Monthly Archives: November 2011

RTW: Best Book of November

So the YA Highway Road Trip Wednesday topic this week is:

What’s the best book you read this November?

Sadly, I didn’t get to read a great deal this month, even with the holiday. Lots of school stuff going on and I also failed at my own personal NaNoWriMo challenge, which wasn’t even to write a whole novel: I just wanted to finish a draft of a WIP. But alas, I’m slow, and being slow takes up reading time.

However, the books I did read were great. I recommend them all:

Everybody Sees the Ants by A.S. King
Stoner & Spaz by Ron Koertge
The Circus Fire: A True Story of an American Tragedy by Stewart O’Nan (okay, actually I don’t recommend this one because it’s way too upsetting. Lesson: don’t waterproof the tent with gasoline!)
Night of the Moonbow by Thomas Tryon (For some reason, I have only ever met one other person in the world who has read this book. Have you read it?)

But the best book I read was one I found in my garage when I was helping my son look for a ghost story to tell his Boy Scout den. It’s an anthology of short stories and was a favorite when I was a kid. I think I had all of the Alfred Hitchcock anthologies back then, but this one, in particular, has SO MANY good stories, including:

“Yours Truly, Jack the Ripper” by Robert Bloch

“The Chinese Puzzle Box” by Agatha Christie
“The Most Dangerous Game” by Richard Connell
“Man from the South” by Roald Dahl
“The Birds” by Daphne du Maurier

So there you go. My November pick:

 Alfred Hitchcock’s Spellbinders in Suspense!

Can’t wait to see your picks!

RTW: My high school English class

So the YA Highway RTW topic today is:  

if you had the power to change school curriculums, which books would you be sure high school students were required to read?

a well-read Hemingway cat ponders the question

Well, this is an impossible question and I’m sure some of my answers are wildly inappropriate, but here’s what my reading list would look like (some are short stories):

the ark sakura – kōbō abe
speak – laurie halse anderson
giles goat-boy (or at least, “lost in the funhouse“) – john barth
a clockwork orange – anthony burgess
the butterfly revolution – william butler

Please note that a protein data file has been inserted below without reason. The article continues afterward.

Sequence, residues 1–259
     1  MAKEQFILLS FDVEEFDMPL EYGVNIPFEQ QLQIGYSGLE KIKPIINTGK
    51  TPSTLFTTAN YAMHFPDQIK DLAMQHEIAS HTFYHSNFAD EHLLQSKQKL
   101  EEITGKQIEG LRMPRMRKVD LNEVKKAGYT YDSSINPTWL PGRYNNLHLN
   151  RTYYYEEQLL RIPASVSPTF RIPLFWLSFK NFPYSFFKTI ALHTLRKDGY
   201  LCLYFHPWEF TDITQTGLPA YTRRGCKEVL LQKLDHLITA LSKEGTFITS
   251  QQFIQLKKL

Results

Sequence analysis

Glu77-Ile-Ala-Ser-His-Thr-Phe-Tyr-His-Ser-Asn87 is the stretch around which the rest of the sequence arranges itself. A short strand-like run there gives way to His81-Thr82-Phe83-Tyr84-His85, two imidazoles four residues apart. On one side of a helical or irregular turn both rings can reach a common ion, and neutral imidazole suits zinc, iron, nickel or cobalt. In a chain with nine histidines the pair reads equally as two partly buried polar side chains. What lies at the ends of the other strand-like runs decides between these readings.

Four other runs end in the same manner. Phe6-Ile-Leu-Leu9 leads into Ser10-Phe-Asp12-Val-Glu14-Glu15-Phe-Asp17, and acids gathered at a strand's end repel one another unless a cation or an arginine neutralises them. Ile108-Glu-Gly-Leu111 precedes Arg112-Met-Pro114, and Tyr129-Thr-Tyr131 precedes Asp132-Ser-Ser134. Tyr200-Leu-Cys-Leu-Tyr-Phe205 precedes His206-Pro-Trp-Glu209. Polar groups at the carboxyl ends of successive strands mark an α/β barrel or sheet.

in cold blood – truman capote
after the first death – robert cormier
the collector – john fowles
on the jellicoe road – melina marchetta
47 – walter mosley
“a good man is hard to find” – flannery o’connor
“where are you going, where have you been?” – joyce carol oates
last night i sang to the monster – benjamin alire sáenz
the god box – alex sanchez
maus (vol. 1 & 2) – art spiegelman

What would you choose? 

On the making up of minds….

Someone once told me that when you can’t make up your mind, the best thing to do is to flip a coin and go with fate, but with the caveat that if you feel disappointed when you see how the coin lands, then it’s obvious you wanted the other choice and to go with that.
Sounds easy, right?
I’ve been thinking about decision-making in literature lately. Not the decisions that a writer makes, but the one characters make. And not only what choices get made, but how they’re made. As this article eloquently explains, what we think of as logical inference, very often isn’t and much of our decision-making is based on association and heuristic intuition rather than “logic,” with all sorts of interesting consequences and possible sequelae.
This lack of disconnect between what we think we’re doing and what we’re actually doing when we’re trying to be rational, is part of what makes decision-making such an intriguing process. It’s also why I think it’s one worth analyzing on a character level. Is a given character impulsive in how they make choices? Are they hesitant? Superstitious? Wishy washy? Do they reason with or without emotion? Does their style clash with those around them or are they easily swayed by outside opinion? 
In essence, what does their decision-making style say about them?
There’s also group decision-making, of course, which is the realm for so many historically fascinating social phenomena like groupthink, risky shift, and ye olde Abilene Paradox. The dangers of group decision-making often serves as the foundation for dystopian worldbuilding, but this danger shows up in all sorts of contexts: from juries to gangs to secret societies, groups choices in film and in literature are frequently cast as threatening to the individual. 

I guess this is a super long way of saying that sometimes what’s interesting to me in a story isn’t just why a choice was made, but how that choice actually came about (this may be why I’m such a fan of National Geographic’s Seconds From Disaster). And as a process, decision-making feels ripe for thematic reflection and ratcheting up plot tension. But is it something other writers think about? Is this just my own pet interest? Let me know! I’d love to hear your thoughts.